War is peace. Life is death. Left is right. And this Orwellian world grows more Orwellian with each passing day.
As American Empire is completing its fall, the American government might find itself at war with its own people. As long as we have American Idol and high fructose corn syrup, I doubt the people are willing to rebel. But if they are, perhaps this time the people will win.
Balance is a central tenet of Buddhism, foundational to the four noble truths and the eight-fold way. Balance is a superb notion and I strongly support, for individuals at least, balance, moderation, and many other principles of Buddhism. Indeed, had Buddhism found roots in this country a couple hundred years ago, we probably would have avoided, or at least delayed, the series of catastrophes we now face. But with fewer than one percent of the American population dedicated to Buddhism, it’s a little late for balance and moderation to work their magic at the scale of this country, much less planet Earth.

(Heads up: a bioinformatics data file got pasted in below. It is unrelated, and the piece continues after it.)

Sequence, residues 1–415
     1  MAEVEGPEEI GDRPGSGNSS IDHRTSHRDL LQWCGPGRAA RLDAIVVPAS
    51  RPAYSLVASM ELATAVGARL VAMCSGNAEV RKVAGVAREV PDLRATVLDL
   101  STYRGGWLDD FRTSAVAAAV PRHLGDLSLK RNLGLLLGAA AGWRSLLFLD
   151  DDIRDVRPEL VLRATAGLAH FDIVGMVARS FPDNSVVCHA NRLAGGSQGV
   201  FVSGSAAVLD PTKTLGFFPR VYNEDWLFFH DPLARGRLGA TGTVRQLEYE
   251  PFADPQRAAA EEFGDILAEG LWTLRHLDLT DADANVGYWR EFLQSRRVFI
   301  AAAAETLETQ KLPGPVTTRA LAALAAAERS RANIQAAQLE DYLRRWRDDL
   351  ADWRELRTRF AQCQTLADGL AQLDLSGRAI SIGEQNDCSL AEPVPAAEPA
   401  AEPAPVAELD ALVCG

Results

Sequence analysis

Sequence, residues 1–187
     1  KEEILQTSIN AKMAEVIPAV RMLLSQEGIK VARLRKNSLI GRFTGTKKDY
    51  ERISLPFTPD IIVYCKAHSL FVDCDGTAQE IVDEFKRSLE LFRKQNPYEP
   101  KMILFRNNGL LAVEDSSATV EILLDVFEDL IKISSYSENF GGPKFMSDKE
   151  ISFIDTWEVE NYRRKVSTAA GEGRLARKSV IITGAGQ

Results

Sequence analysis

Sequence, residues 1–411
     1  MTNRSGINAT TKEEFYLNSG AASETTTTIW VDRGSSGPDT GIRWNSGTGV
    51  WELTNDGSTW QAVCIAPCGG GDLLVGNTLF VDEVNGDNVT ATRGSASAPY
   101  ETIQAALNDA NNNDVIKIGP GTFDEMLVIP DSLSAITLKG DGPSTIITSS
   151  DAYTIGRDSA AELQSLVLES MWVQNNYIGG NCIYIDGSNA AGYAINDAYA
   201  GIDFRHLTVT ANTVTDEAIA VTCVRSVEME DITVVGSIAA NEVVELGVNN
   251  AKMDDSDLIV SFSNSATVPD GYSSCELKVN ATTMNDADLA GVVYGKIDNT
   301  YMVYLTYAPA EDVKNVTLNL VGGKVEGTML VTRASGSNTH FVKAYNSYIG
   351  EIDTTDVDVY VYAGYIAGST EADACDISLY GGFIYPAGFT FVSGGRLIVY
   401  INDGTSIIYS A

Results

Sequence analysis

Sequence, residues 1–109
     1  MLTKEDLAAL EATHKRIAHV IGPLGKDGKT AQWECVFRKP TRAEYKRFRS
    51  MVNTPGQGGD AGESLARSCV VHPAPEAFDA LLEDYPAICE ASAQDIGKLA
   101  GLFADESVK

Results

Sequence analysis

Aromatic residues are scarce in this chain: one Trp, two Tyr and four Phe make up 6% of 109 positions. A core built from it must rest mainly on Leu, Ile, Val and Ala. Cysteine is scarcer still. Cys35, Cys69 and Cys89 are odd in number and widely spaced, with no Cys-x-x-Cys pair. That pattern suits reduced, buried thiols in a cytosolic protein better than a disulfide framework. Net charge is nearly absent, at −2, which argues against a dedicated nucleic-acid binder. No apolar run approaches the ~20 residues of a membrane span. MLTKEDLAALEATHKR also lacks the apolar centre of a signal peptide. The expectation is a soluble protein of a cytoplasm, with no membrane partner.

For the most part, of course, we prefer to look the other way, rather than staring into the unflinching eyes of truth. Civilized people don’t want to know the consequences of our actions, which include oppression, murder, and extinction, among other uncomfortable costs.
I have new vision of the United States. I call it “Bucket-head Nation.” My inspiration came from a humorous scene in Werner Herzog’s latest film, Encounters at the End of the World. The scene portrays students in an Antarctic survival class wearing buckets on their heads to simulate the zero-visibility, white-noise conditions of the Antarctic tundra. The leader of the bucket-heads had the objective of leading the other bucket-heads to a location specified by the instructor. They failed this task twice because the leader of the bucket-heads misguided them. The scene ends with a shot of the disgruntled bucket-heads in a confused, clustered entanglement. Sound familiar?